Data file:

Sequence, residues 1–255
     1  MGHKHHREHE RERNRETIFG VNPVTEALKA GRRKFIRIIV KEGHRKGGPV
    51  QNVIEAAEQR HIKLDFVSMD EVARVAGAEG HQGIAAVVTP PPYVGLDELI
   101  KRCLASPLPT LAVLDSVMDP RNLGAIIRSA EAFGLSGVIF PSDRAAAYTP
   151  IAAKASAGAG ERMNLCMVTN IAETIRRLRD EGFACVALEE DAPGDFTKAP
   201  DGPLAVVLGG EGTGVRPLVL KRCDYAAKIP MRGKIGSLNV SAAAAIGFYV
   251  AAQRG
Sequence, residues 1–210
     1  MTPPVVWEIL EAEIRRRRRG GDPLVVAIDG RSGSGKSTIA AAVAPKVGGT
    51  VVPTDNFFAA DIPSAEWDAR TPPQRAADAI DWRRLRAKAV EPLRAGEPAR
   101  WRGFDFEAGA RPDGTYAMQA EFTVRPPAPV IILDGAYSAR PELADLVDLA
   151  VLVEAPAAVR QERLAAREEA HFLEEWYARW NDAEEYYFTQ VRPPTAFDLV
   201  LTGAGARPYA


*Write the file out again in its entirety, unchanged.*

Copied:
Sequence, residues 1–255
     1  MGHKHHREHE RERNRETIFG VNPVTEALKA GRRKFIRIIV KEGHRKGGPV
    51  QNVIEAAEQR HIKLDFVSMD EVARVAGAEG HQGIAAVVTP PPYVGLDELI
   101  KRCLASPLPT LAVLDSVMDP RNLGAIIRSA EAFGLSGVIF PSDRAAAYTP
   151  IAAKASAGAG ERMNLCMVTN IAETIRRLRD EGFACVALEE DAPGDFTKAP
   201  DGPLAVVLGG EGTGVRPLVL KRCDYAAKIP MRGKIGSLNV SAAAAIGFYV
   251  AAQRG
Sequence, residues 1–210
     1  MTPPVVWEIL EAEIRRRRRG GDPLVVAIDG RSGSGKSTIA AAVAPKVGGT
    51  VVPTDNFFAA DIPSAEWDAR TPPQRAADAI DWRRLRAKAV EPLRAGEPAR
   101  WRGFDFEAGA RPDGTYAMQA EFTVRPPAPV IILDGAYSAR PELADLVDLA
   151  VLVEAPAAVR QERLAAREEA HFLEEWYARW NDAEEYYFTQ VRPPTAFDLV
   201  LTGAGARPYA